|Designer Notes: D-Day|
Mons Johnson, one of the developers of Axis and Allies Miniatures, shares some of the thought processes that were behind some of the miniatures in the new D-Day expansion.
The heroes were the figures that elicited the most discussion among the development team. The original design only included the Resourceful Hero, but quickly the team realized that each of the major powers should have a hero. We tried to give heroes abilities that were both unique and evocative.
War brings out both the best and the worst in men, the heroes represent those times when a man rose above the normal limitations of humanity and had a powerful effect on the battlefield. There are many examples of this in the WW2 histories, so there was no lack of inspiration for the designers. Both in terms of what they can physically do and the positive effect on friendly troops. One stirring example of heroism could inspire a whole company of men to great deeds in face of hostile fire.
There was a lot of discussion over the deployment ability and possible limitations for the heroes. Various suggestions for a more restricted deployment were discussed and a limit of 1 hero per army was offered, but eventually it was decided to use the more fun, less restrictive rules. The name of the game is Axis & Allies, which has always emphasized the game over the simulation.
It was very important that a new map and scenario was available for D-Day. Wizard's Organized Play program has just started receiving these last week, so hopefully it will be available at a store new you very soon.
For a couple years the Germans slowly built up the defenses along the French coast in preparation for an Allied invasion. With many miles and miles of coastline to defend, the massive German effort couldn’t make the beaches impregnable, but did make an invasion significantly more challenging. A lot of effort on both sides was devoted towards building obstacles and devising ways to circumvent them.
The obstacles in D-Day represent man made barriers that weren’t too extensive. The Tank Obstacle is welded I-beams, reinforced concrete ‘Dragon’s Teeth’ or other point barriers that could be overcome with a sufficiently determined or fortunate opponent. The obstacles don’t represent impregnable barriers, those were typically only seen at the major fortifications.
In addition to including obstacles, we made an effort to include some of the special vehicles and things developed by the Allies to defeat the various difficulties presented by the German defenders.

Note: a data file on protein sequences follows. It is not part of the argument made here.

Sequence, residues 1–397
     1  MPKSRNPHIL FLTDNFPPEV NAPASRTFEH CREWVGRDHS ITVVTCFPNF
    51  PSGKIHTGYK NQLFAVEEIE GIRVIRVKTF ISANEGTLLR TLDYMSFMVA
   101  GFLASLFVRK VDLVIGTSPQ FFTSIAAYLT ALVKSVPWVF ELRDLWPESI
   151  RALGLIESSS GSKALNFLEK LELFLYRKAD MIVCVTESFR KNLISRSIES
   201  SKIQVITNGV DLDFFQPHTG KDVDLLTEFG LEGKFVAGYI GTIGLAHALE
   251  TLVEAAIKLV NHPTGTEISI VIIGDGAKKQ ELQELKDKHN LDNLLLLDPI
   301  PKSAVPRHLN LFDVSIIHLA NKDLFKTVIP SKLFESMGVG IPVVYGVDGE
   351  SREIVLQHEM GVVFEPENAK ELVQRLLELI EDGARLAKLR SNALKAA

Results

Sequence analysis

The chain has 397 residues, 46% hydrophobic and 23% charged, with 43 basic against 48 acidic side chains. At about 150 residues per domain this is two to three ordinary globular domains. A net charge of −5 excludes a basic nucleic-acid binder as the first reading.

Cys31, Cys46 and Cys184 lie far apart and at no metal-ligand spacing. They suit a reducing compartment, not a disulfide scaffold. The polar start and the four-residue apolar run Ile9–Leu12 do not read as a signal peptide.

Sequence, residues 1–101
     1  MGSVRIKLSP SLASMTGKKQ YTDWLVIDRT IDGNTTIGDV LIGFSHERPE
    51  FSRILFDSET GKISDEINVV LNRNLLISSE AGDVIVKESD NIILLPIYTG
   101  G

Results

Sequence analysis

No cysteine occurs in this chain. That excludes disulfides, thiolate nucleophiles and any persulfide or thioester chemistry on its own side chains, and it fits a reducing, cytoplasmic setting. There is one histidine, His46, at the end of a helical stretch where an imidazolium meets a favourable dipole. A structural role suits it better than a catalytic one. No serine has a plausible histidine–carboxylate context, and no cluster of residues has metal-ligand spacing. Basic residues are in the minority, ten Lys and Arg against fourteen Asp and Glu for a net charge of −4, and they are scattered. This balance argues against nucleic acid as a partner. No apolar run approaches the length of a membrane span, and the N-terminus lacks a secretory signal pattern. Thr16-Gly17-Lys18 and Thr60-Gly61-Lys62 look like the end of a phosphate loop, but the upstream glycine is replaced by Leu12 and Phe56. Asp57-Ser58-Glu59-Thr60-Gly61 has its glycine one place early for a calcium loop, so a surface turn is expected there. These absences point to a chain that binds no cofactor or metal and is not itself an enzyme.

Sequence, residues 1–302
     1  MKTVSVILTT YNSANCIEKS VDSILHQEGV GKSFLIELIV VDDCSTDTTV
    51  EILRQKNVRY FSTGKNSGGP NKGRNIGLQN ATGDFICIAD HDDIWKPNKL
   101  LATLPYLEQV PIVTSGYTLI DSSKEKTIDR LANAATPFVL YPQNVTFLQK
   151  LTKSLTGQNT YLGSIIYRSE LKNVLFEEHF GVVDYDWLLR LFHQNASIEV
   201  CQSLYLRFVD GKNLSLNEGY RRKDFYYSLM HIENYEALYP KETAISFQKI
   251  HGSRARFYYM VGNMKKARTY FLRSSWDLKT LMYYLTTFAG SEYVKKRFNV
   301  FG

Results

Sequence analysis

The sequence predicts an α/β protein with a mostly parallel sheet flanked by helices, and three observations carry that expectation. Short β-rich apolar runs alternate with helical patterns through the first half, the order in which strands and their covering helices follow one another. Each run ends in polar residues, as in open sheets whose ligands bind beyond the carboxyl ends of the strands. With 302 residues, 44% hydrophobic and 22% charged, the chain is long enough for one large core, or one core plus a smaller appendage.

The Higgins Boat was bit of a problem for us. Being a boat, it can’t travel about the typical battlefield. So it can’t really be part of the average Axis & Allies army. At least one person suggested to cut it from the set and replace it with another more land friendly figure. On the other hand it was a very important and iconic piece of equipment being the vehicle for delivering the troops to the beach. Once we were told the hatch could drop, we were sold.
I think these internal comments about Veteran Tiger illustrate our thoughts on that mini:
MD 5/27: Crackshot means this guy does more damage than anyone else...
NH 11/2: This unit is the best unit in the game probably.
MJ 11/12: If so, I am content.
The SU-76M was produced in enormous numbers during WW2. We were happy to make the miniature, feeling that it was a bit overdue. This Soviet vehicle was a little small for its time, it was usually outmatched by its German opponents. In addition to being a little outgunned it didn’t have an armored top so the gun crew wasn’t very well protected from small arms fire. Particularly from infantry attacking it from behind.
88mm Flak 36
The 88mm Flak 36 also was a challenge. It was originally designed as an anti-air gun, but for high altitude aircraft. It was used to some effectiveness against enemy infantry, but the ‘88’ was most feared by the allied tankers. Since the gun had a large crew, trained to fight aircraft, it was reasonable to give it the anti-air ability. However, it wasn’t very well equipped to deal with low flying fighters and fighter-bombers, the type of aircraft featured in Axis & Allies. Neither was it specifically designed to fight enemy infantry, so giving it relatively low anti-soldier values left it in a reasonable place. It was also a surprisingly large gun, larger than the half-tracks and 3 ton trucks towing it, so it picked up the ‘Large Silhouette’ and ‘Heavy Gun’ limitation.
‘Heavy Gun’ didn’t interact well with the Gun Transport ability. In order to fix this, we made a slight change to Transport, so when a unit disembarks from something with Transport the owner, not the opponent, chooses the hex the overstacked unit is placed in. The overstacked unit cannot be placed in a hex with enemy units and it must be able to enter the hex (so you can’t unload an ‘88’ into a swamp hex). This is also very important for the Higgins Boat, so your infantry can exit the water hex and end up on land!
It was a lot of fun working on the D-Day Axis & Allies set. We hope that you enjoy the set as much as we enjoyed working on it.
Editor's note: You can find out more about the change in the Transport ability on our message boards.